Sunday, July 20, 2014

Italy Food Tour: Langhirano, Home of Prosciutto di Parma

I am convinced that one of the best ways to learn about a culture is by eating your way through a place.  Yes, museums and archaeological sites are not less important in any travel itinerary, but the mind-blowing experience of tasting something for the first time at place where authentic food is found gives you a visceral understanding of a place, its heritage, its topography - all at once, on a plate.  

Food also takes you to places you perhaps would never learn about otherwise. Consider the town of Langhirano in Emilia-Romagna, the province at the bellybutton of Italy.  This has never been on my radar simply because I have never heard about it before in my life.  But we made it there somehow and learned that this Italian town is a powerhouse for the Italian prosciutto di Parma.

While in Italy, we had many opportunities to learn about local food.  Partly due to extremely auspicious events, we were introduced to Enrico, an extraordinary local in Regnano whose cheesemaking abilities are legendary.  He emphatically showed us why the best food in all of Italy comes from the Emilia-Romagna region by taking us to a family-run Parmigiano-Reggiano cheesemaker and a Parma ham facility after that.  I'll delve more into the facinating world of Parmigiano-Reggiano later in a separate post.  And more on the character that is Enrico later.  This post is entirely about proscioutto di Parma.   
We met Mirella Galloni, one of the owners and woman-in-charge at Galloni, one of the leading names in prosciutto di Parma in Italy, and perhaps, even the world.  Mirella indulged us with an intimate tour of their facility, fascinating us with stories of the art and science behind making prosciutto di Parma that their family had been making since the sixties.  We entered a huge open facility and our jaws dropped at the sight of endless rows of curing ham legs.  I had no idea!  We learned about the delicate nature of their Parma ham, only salted by hand and using many priceless years of experience to master the proper aeration techniques and proper placement and spacing between ham legs.  No wonder a full leg of ham could cost you, well, an arm and a leg
 Authentic prosciutto from the Parma region branded by the Parma crown seal, could run up to $500 for the whole thing.  It starts with healthy pigs raised locally and fed with local whey, a byproduct of Parmigiano-Reggiano.  Because of varying body compositions of the pork legs, Galloni salts everything by hand to get the exact amount of saltiness appropriate for the pork size.  It is then hung out to cure and dry for at least 12 months.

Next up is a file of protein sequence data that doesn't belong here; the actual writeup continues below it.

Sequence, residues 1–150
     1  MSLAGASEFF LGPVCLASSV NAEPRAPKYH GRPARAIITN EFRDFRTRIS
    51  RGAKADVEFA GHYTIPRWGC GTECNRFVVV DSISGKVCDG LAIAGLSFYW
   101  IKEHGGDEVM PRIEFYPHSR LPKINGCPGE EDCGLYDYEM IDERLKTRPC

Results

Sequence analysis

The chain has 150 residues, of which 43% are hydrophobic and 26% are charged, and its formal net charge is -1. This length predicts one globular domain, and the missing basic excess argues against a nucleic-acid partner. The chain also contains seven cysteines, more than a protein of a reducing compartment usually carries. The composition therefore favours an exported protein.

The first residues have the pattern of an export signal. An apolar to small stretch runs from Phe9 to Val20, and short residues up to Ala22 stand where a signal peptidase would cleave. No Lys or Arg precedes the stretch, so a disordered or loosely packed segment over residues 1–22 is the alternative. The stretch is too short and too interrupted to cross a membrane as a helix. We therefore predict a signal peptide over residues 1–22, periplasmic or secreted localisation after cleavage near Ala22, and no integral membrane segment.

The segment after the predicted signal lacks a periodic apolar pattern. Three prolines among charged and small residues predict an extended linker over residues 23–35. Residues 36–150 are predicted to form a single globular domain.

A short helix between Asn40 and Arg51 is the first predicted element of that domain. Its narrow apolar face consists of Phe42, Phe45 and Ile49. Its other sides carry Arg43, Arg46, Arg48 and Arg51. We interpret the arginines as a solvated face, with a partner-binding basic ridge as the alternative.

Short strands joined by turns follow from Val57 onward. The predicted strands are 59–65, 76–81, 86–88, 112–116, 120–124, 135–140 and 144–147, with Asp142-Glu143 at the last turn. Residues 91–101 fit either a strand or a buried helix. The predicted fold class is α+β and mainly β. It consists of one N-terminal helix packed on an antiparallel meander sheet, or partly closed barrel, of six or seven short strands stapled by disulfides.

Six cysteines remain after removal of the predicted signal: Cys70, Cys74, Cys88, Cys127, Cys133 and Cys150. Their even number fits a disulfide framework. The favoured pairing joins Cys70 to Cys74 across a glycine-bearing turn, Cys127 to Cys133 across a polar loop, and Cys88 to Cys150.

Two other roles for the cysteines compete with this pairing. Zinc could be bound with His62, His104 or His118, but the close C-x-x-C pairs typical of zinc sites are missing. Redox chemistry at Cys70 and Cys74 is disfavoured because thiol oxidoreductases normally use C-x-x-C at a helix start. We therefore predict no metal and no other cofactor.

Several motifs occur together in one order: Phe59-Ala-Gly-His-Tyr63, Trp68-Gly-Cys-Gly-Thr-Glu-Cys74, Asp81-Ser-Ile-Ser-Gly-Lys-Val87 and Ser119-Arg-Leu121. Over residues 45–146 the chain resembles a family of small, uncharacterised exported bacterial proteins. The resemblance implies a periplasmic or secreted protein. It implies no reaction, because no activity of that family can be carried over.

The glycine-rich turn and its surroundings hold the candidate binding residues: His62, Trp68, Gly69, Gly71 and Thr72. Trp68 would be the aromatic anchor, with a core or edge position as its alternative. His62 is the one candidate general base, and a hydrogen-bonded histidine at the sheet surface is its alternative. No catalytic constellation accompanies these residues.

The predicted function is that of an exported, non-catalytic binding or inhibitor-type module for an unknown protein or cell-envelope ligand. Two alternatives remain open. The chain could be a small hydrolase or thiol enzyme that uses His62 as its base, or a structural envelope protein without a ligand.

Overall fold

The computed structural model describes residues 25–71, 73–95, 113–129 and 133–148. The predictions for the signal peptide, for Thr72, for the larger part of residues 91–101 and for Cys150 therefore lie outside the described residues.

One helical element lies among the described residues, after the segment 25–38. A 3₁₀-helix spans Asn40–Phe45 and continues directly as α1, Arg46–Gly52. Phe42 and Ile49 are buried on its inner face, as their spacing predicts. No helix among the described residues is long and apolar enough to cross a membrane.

The tour ended at a special room in the basement.  We were led out of an elevator to a pitch dark room.  I didn’t know what we were in for.  The smell of salt was heavy in the air and I don’t remember which came on first – the spotlight or the classical music.  In the center of the room, a spotlight slowly shone on a classic Berkel prosciutto cutting machine (it’s Dutch, so we are mighty proud) surrounded by rows upon rows of showcase prosciutto, as the music escalated. 
It's crazy to imagine how ham could merit such a special room.  After all, isn't it just ham?  But that is the thing.  In Italy, it is not.  It is pride.  It is identity.  In Italy, food is intertwined and inseparable from culture and heritage, both of which are highly revered and esteemed.  In a world where everything is changing fast, it was demonstrated again to me that here, not everything needs to change.  Things can still be made the same way they have always been.   

Watch a clip below of our private and intimate tour's finale at the Galloni production in Langhirano, Italy!




A special present from Mirella Galloni that found its way to our coffee table

2 comments:

  1. Yes there is many opportunities to learn about local food. I am very foody person and really love to know every kind of food.
    trips to rome italy

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